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I heard an ad on the radio the other day asking people to donate to an organization that helps the homeless. I went to their website and found that I could pick a country in Asia, Africa, the Caribbean, Central America or South America—but not the United States. A country, rich as it is, that has widespread poverty and millions of families with children living below the poverty line.

The same day, Kate passed along an article to me. . . “Their children are, on average, poorer, less educated and have fewer prospects—an underclass in a wealthy and aging nation that can ill-afford to lose a substantial chunk of its future workforce.” We both thought they were describing the United States but, instead, the article was about Japan. And the author was making the point that Japan was worse off than the United States, giving the impression that the issues here in the U.S. aren’t that bad after all.

And, again on the same date, Trish passed along another article entitled Americans Love Families. American Policies Don’t. The article points out that, as a nation, we really don’t have family-friendly policies. While the fastest growing segment of low-income families are single parents (and, most often, single mothers), we have policies that can reduce benefits such as the earned-income tax credit and some Medicaid benefits if they marry. And a number of states provide health care for children but not their parents, even though studies have shown that providing better health coverage to parents leads to better outcomes for their children.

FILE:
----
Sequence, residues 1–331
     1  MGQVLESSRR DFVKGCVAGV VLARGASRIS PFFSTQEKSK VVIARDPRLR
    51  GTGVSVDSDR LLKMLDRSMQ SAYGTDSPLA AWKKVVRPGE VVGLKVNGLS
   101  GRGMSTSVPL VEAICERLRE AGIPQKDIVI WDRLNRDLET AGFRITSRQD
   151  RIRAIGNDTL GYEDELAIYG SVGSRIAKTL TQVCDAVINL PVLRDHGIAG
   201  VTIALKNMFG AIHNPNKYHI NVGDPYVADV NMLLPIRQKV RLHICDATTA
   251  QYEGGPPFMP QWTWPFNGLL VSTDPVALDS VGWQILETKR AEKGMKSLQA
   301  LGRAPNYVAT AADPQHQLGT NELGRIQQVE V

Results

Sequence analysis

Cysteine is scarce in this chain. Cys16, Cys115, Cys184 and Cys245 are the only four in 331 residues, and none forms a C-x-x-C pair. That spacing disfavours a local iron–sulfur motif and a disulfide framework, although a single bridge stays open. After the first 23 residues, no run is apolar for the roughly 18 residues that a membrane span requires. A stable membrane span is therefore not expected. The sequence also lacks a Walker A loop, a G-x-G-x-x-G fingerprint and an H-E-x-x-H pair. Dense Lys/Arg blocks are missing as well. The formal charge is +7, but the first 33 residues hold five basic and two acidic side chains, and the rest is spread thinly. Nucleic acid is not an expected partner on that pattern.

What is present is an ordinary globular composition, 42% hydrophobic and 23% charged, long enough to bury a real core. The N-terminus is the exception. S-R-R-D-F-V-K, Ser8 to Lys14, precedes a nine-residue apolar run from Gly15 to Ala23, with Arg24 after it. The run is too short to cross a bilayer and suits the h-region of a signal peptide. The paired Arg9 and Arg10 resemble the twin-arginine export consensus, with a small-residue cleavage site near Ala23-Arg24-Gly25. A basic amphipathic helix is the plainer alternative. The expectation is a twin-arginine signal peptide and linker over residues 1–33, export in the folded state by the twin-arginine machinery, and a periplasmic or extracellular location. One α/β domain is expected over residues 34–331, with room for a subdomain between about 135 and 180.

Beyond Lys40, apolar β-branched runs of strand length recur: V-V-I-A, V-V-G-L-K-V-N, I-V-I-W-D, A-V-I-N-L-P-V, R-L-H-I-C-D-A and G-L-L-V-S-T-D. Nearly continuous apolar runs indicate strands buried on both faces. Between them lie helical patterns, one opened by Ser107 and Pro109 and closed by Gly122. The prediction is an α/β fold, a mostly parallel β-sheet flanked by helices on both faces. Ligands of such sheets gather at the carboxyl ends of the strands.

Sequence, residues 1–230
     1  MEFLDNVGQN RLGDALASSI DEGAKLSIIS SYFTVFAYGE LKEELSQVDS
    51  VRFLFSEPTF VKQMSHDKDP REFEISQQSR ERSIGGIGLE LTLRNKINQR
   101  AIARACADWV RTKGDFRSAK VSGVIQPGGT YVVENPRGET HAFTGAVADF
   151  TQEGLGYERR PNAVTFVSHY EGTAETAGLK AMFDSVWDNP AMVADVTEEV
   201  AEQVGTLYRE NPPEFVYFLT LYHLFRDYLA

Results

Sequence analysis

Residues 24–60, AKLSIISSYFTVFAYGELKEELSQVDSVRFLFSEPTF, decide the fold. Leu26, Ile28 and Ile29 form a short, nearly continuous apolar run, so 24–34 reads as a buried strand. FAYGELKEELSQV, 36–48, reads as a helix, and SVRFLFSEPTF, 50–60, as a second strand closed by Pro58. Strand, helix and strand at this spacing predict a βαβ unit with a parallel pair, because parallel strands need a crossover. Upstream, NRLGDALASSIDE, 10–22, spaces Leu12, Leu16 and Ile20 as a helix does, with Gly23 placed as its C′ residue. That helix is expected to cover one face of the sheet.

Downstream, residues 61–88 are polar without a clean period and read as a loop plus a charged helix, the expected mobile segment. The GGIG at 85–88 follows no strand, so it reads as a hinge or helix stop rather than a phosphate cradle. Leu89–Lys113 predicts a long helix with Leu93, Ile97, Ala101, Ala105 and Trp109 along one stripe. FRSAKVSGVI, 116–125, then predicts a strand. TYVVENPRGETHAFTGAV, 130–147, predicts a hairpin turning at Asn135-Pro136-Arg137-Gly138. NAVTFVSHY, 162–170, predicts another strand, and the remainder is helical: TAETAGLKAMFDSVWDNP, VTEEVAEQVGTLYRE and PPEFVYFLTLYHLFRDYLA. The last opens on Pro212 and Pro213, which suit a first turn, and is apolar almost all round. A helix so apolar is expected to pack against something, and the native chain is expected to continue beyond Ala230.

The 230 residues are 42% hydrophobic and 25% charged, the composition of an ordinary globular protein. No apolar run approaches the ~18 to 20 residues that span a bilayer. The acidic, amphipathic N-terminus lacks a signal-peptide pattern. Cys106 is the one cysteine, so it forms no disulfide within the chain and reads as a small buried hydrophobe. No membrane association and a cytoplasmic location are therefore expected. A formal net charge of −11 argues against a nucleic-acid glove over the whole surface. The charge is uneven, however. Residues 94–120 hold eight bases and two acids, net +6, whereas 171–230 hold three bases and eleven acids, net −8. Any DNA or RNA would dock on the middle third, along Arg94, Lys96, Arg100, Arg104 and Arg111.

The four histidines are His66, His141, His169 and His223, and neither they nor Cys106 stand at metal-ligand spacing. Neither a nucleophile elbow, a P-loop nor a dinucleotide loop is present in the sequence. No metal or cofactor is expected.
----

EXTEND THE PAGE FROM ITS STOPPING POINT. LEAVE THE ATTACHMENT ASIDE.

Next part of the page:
In Bergen County, a single parent with two children needs to earn $30 per hour to provide basic housing and other bare necessities. Yet we continue to tinker with raising the minimum wage, which is currently $8.60 per hour in NJ, to $15 per hour over an extended number of years.

We are in a serious political divide, but as far as families are concerned, this is not new. While evidence clearly shows the negative impact on society, we essentially ignore the “hidden” issue of family homelessness . . . we don’t see “it” every day, so there must not be a real issue. Wrong.

This is why Family Promise of Bergen County exists. To bring out from the shadows a population that desperately needs our attention. To provide a holistic array of support for working families with children who have become homeless. The answers are incredibly complicated, but the impact on the lives that are transformed demands the effort.

We will continue to provide support and plan to expand our programs and the number of families we serve. Because what we do assists not only those we help today, it leads to better lives for those families’ children . . . and their children’s children.

Paul R. Shackford
President of the Board of Trustees